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and Meribah, of the waters of strife? As the church said concerning God, Jer. i. 6. Will he reserve his anger for ever? fo may I say of luch, Will they reserve their anger for ever? Surely this anger is fioful in respect of time.

4 It is such an anger as miffes in respect of measure; holy anger keeps within compass, but fo doth not this, por do I wonder, for amongst all the affections or passions of the mind, there is none more like to abound in measure than the passion of anger, it is a fiery paffion, and fire we know is apt to exceed: How great a fire will onę spark kindle!

4. It is such an anger as misses in respect of the end; þoly anger hath right aims and ends, as the glory of God, and good of souls: But what is the end of this anger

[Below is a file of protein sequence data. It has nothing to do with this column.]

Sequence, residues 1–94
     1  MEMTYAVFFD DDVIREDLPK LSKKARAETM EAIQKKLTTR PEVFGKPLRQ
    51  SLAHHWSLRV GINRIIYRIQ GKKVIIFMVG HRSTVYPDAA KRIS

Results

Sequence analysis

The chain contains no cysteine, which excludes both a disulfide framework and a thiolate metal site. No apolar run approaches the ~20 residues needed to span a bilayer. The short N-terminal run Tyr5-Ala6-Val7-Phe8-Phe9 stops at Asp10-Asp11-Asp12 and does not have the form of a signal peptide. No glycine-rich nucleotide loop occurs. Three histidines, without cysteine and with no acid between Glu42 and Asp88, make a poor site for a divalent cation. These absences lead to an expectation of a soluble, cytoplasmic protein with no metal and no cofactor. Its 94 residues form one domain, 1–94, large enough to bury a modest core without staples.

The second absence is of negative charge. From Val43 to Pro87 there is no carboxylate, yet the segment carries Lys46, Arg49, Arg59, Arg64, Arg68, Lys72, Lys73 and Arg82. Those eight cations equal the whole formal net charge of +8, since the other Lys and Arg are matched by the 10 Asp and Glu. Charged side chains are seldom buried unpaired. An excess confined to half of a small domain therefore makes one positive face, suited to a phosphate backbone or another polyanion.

? What! is it a passionate man aims at? If I may answer for him, either be aims at this, that he may fatisfy a pee. vish spirit, or he aims at this, that he may bring others under him, or he ains at this, that he may be elteemed of others as somebody in the world, or he aims at this, that he may have his will another time. These are the chief ends of a passionate spirit. But oh it is otherwise with a gracious spirit! such an one may be angry fometimes, but it is not to satisfy himself, but to bring things into order, it is not to subject others under him, but to bring all under God; it is not to appear. Somebody in the world, but that the glory of God may more appear; it is pot to have his will more at another time, but that God's will may be done on earth as it is in heaven; it is not that he may avenge himself, but that he may do good to others, never more aiming at the party's good that he is angry withal, than at that very time when he is most angry. Now you may see what anger I inveigh against, and what anger it is which gives place to the devil.